“Black Panther” delivers triumphant standalone Marvel film
By Alexandra Lachine, Arts and Entertainment Editor
Director Ryan Coogler’s “Black Panther” is defiant, unapologetic and triumphant. For a film to carry the weight of historical importance on its shoulders but never treat it like a burden is a form of art, as “Black Panther” is the first Marvel Cinematic Universe (MCU) film starring a black superhero, with people of color behind the camera as well.
“Black Panther” is a lively entertaining, riveting film, packed with raw action from opening to end credits, both following and rising above its Marvel and historical mission. The culture so beautifully captured by the film is something that is also never wavered from, as traditional Wakandan customs, dress and language are all meticulously captured across each second.
The film begins in 1992 Oakland, Calif. with a visit to an apartment from the king of Wakanda, King T’Chaka (John Kani), setting the plot in motion. Fast forward to a bittersweet present-day ritual as T’Challa (Chadwick Boseman) is being traditionally coronated as king of Wakanda following the death of his father in a terrorist attack seen in “Captain America: Civil War”.
Built upon a stockpile of vibranium, the African nation of Wakanda is everything the world has been deceived into believing it isn’t in terms of its advancements. The people of Wakanda have built futuristic cities that still honor tribal customs front and center. This balance between tribal tradition and innovation co-existing across every medium of Wakandan life, flawlessly translated from comic to film, from the vibranium suit and power of the Black Panther to the trains that run through the city. “Black Panther” intricately and vibrantly captures the details of this cultural way of life.
Having seen more of the world, King T’Challa begins to think beyond his nation’s isolationist policies. His love-interest Nakia (Lupita Nyong’o) believes their nation should use their knowledge and resources to help the disenfranchised beyond their borders, while T’Challa takes a more cautious stance.
[Text Wrapping Break]One of the most vital ways that “Black Panther” revolutionizes the MCU is by accurately showcasing that women are essential to Wakandan life. General Okoye (Danai Gurira) is the valiant lead warrior of the Dora Milaje, defending T’Challa’s throne, while his younger sister Shuri (Letitia Wright), a brilliant scientist, shows that the nation’s men and women can be equally revolutionary in their intelligence and innovation. Her laboratory lair is displayed in the film as something so finely detailed, yet which she knows down to the very last vibranium fiber.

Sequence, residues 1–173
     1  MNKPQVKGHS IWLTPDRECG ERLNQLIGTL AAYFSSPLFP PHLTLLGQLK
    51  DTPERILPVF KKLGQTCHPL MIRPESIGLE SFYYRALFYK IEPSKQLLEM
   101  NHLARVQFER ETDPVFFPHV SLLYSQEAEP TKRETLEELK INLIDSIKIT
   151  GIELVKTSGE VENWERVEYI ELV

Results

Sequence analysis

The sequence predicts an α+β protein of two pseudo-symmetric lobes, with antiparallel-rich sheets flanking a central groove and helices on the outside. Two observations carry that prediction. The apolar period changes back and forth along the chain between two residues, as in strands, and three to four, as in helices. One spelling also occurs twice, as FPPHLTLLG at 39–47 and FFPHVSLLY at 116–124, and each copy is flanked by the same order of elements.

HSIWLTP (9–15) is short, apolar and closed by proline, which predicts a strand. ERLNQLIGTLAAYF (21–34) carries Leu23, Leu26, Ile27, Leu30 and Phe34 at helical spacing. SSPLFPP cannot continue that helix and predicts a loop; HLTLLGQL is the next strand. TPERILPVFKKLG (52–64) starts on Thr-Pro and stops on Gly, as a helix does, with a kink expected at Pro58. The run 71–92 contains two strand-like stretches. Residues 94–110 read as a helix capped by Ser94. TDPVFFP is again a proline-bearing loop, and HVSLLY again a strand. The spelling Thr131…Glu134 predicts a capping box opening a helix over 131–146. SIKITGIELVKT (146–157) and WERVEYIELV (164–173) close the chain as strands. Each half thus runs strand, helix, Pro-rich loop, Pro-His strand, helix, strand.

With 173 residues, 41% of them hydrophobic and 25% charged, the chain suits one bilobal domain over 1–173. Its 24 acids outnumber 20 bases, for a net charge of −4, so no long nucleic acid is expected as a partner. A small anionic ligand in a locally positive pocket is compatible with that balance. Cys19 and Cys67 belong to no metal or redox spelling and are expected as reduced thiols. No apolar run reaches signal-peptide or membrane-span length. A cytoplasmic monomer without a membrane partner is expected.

Keeping with the tradition of heroism is the foil of such. Erik Killmonger (Michael B. Jordan), schemes on Wakanda’s use of vibranium to trigger a dangerous revolution — and he is willing to kill their king to trigger it. Killmonger’s motives develop a raw, satisfying and contemporary storyline without any easy answers that superhero movies too often give away.
As beacons of justice, the good leaders become vexed by their roles in the world, with King T’Challa even saying, “The wise build bridges, while the foolish build barriers.” This plays into the various underlying yet relevant political themes that Coogler sews through the entire storyline.
As an MCU superhero film, “Black Panther” has no shortage of enormous, chaotic CGI-created battles that Coogler manages to master fight and battle scenes so that individual characters can be front and center in their own moments of intense conflict.
With a couple exceptions, the action takes place entirely in Wakanda, tying the film directly to the MCU without being beholden to it. For a movie with people in high-tech suits that must face off against one another, it is surprisingly impactful and realistic. Characters die in very realistic ways that are too often theatrically manipulated in movies like these.
“Black Panther” is not simply good because people of color drive the storyline. This coupled with the story of Wakanda’s guardian Black Panther and heroic action combine for a uniquely iconic film that had yet to be done.
Black Panther will join the others on May 4 in “Avengers: Infinity War”. But for now, the heroic courage and devotion of King T’Challa are to be admired in the flourishing dominion he must protect.